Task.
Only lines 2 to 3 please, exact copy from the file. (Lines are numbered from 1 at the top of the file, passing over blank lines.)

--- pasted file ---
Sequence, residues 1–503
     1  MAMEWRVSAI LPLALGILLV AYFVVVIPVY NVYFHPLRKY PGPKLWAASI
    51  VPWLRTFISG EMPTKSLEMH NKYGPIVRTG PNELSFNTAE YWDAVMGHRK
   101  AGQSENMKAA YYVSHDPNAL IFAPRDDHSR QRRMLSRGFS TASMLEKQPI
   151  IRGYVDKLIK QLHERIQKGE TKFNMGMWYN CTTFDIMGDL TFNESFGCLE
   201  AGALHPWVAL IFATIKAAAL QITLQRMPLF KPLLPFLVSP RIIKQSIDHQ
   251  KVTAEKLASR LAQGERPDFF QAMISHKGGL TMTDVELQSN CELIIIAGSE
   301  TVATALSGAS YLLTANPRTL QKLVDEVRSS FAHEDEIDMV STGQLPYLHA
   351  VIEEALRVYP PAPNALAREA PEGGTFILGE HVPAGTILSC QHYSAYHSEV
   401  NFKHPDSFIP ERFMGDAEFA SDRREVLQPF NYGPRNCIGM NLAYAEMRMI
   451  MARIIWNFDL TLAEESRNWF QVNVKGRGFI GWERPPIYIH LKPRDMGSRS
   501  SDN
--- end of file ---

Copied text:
     1  MAMEWRVSAI LPLALGILLV AYFVVVIPVY NVYFHPLRKY PGPKLWAASI
    51  VPWLRTFISG EMPTKSLEMH NKYGPIVRTG PNELSFNTAE YWDAVMGHRK